Water runs low in Borbon, Dalaguete due to dry spell
Water supply is running low in the towns of Borbon in the north and Dalaguete in the south because of the prevailing dry spell caused by the El Niño phenomenon.
At least 13 upland barangays in Dalaguete are affected although the situation is not yet alarming yet, said Mayor Ronald Allan Cesante.
He said farmers in the upland areas, also known as Cebu’s vegetable basket, have noticed a “marked decrease” in the water levels in the springs.
In Borbon, the municipal government has been delivering potable water to upland areas since the last quarter of 2015, said Mayor Bernard “Butch” Sepulveda.
But the situation has not yet reached a critical level, he told Vice Gov. Agnes A. Magpale over the phone yesterday.
“Nangandam lang mi, Vice Gov (We’re just preparing for any eventuality, Vice Gov),” Sepulveda said.
El Niño is forecast to last until May this year, the Philippine Atmospheric Geophysical and Astronomical Services Administration (Pagasa) said.
Provincial Agriculturist Roldan Saragena said he will send a team to verify the situation in Borbon and Dalaguete.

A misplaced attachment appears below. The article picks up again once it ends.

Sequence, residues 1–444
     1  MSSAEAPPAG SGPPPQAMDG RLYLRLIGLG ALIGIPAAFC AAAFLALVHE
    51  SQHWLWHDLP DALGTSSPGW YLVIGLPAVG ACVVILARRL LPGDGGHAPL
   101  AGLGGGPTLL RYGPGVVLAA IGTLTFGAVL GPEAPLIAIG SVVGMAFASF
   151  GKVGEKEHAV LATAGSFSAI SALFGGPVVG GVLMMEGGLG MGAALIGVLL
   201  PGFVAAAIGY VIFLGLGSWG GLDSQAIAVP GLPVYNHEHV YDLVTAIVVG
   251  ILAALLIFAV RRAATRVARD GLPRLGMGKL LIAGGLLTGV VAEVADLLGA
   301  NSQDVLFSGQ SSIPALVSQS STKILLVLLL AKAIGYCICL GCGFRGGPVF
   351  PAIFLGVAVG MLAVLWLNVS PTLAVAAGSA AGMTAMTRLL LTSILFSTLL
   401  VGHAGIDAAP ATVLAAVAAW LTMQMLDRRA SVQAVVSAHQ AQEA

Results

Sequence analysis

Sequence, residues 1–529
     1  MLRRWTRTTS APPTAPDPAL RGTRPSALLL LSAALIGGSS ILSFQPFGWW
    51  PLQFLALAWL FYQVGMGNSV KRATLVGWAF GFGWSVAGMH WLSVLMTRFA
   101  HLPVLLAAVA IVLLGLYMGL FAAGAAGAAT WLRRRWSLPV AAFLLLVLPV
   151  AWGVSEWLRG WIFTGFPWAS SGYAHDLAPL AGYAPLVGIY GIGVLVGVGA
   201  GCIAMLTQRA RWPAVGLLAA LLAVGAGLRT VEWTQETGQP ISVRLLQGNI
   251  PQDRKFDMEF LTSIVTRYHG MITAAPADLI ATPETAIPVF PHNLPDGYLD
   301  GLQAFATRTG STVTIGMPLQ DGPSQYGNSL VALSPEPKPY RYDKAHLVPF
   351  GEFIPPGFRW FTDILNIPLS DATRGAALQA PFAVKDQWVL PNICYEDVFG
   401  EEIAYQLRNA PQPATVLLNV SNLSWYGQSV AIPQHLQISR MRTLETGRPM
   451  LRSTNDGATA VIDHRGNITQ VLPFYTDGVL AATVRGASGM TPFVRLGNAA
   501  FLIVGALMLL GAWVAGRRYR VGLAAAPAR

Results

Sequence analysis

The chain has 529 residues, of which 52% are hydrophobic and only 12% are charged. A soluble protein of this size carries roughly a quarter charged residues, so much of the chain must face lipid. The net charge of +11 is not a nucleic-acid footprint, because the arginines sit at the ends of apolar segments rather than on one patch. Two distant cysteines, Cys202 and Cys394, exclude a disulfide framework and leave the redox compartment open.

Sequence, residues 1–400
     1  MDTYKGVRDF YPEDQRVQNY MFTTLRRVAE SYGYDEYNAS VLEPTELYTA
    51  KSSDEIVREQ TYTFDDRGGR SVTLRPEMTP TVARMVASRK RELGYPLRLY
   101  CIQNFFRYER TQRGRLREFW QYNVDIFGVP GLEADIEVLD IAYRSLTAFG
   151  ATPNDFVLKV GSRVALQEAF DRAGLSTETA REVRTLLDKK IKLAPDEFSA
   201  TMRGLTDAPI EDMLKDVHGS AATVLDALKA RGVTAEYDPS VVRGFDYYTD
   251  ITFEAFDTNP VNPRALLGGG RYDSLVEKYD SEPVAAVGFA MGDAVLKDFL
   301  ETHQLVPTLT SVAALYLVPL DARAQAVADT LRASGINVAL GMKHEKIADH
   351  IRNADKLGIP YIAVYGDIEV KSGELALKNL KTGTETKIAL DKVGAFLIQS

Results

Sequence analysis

“We’ve had three straight weeks of heat, but we haven’t received any reports. There might be something brewing in the towns, but they haven’t sent their data yet,” he told Cebu Daily News.
He said the provincial agriculturist’s office is coordinating with the Provincial Disaster Risk Reduction and Management Office (PDRMMO) in monitoring the impact of the El Niño by visiting affected towns at least once a week.
Agriculturists from all over Cebu will meet at the Capitol on February 4 to discuss the effects of El Niño.
“That’s where we will assess which towns we will prioritize with our intervention,” said Saragena.
He said the provincial government has allotted funds for five water impounding and water catchment facilities for affected towns in its 2016 budget.
The Capitol will also start distributing 1,040 plastic drums to affected LGUs starting this month, Saragena said.
In Dalaguete, Mayor Cesante said they were preparing for the worst-case scenario. Of the 13 areas of concern, only five have existing irrigation systems.
“Water for farming is not our only concern. We also need to think about potable water for the residents, especially in the mountain barangays,” he said.
The municipal government is looking at developing five springs and building water reservoirs.
Cesante said they have also purchased a water rationing vehicle to bring potable water to residents.
“Although we are preparing for it, we still hope we don’t get to reach a point where we ration our water supply already,” said Cesante.
At present, the mayor said vegetable production has fared better in the last three weeks compared to the last few months of 2015 because of the rains at night, he added.
In Borbon, Mayor Sepulveda said water sources in the upland areas have dried up.
Farmers have reported parched farmlands affecting about 260 hectares of corn, 90 hectares of vegetables and 240 hectares of banana.
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